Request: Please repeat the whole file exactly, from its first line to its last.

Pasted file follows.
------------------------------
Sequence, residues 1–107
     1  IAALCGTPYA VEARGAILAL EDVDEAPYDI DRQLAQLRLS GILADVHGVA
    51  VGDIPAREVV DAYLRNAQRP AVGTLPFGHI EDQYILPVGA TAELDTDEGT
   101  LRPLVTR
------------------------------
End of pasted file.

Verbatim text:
Sequence, residues 1–107
     1  IAALCGTPYA VEARGAILAL EDVDEAPYDI DRQLAQLRLS GILADVHGVA
    51  VGDIPAREVV DAYLRNAQRP AVGTLPFGHI EDQYILPVGA TAELDTDEGT
   101  LRPLVTR